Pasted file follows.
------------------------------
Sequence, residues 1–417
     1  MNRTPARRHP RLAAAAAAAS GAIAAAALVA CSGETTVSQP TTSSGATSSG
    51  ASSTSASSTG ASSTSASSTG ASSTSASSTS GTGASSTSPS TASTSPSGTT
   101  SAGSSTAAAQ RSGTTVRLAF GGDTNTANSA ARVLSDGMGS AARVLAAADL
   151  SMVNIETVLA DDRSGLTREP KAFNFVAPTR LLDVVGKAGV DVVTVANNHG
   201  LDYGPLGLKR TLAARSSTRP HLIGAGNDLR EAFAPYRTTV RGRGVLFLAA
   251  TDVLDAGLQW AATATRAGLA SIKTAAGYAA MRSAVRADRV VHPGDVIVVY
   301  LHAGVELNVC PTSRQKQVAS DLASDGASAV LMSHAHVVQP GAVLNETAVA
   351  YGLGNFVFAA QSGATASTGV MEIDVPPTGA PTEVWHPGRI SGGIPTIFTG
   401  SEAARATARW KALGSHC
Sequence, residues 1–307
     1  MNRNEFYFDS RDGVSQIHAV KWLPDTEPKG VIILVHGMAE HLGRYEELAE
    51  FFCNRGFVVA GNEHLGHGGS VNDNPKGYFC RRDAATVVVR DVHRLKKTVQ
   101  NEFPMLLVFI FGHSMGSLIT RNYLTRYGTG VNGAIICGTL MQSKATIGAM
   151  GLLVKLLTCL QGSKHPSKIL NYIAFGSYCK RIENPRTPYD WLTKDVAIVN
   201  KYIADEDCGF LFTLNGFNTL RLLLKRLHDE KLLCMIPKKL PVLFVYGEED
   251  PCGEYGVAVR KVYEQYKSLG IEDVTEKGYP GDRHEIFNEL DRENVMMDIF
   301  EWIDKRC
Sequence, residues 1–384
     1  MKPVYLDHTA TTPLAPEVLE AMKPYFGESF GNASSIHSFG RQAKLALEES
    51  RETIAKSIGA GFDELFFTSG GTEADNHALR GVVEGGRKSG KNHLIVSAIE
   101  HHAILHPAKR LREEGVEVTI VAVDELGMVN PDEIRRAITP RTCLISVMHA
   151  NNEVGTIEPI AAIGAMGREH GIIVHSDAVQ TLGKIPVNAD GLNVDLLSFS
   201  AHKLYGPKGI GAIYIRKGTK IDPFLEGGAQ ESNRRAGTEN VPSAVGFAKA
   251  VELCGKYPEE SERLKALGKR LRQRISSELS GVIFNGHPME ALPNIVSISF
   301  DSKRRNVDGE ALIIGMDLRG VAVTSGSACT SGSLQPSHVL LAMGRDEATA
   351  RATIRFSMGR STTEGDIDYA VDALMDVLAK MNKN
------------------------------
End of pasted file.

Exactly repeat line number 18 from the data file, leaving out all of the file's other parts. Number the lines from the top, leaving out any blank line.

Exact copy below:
   301  EWIDKRC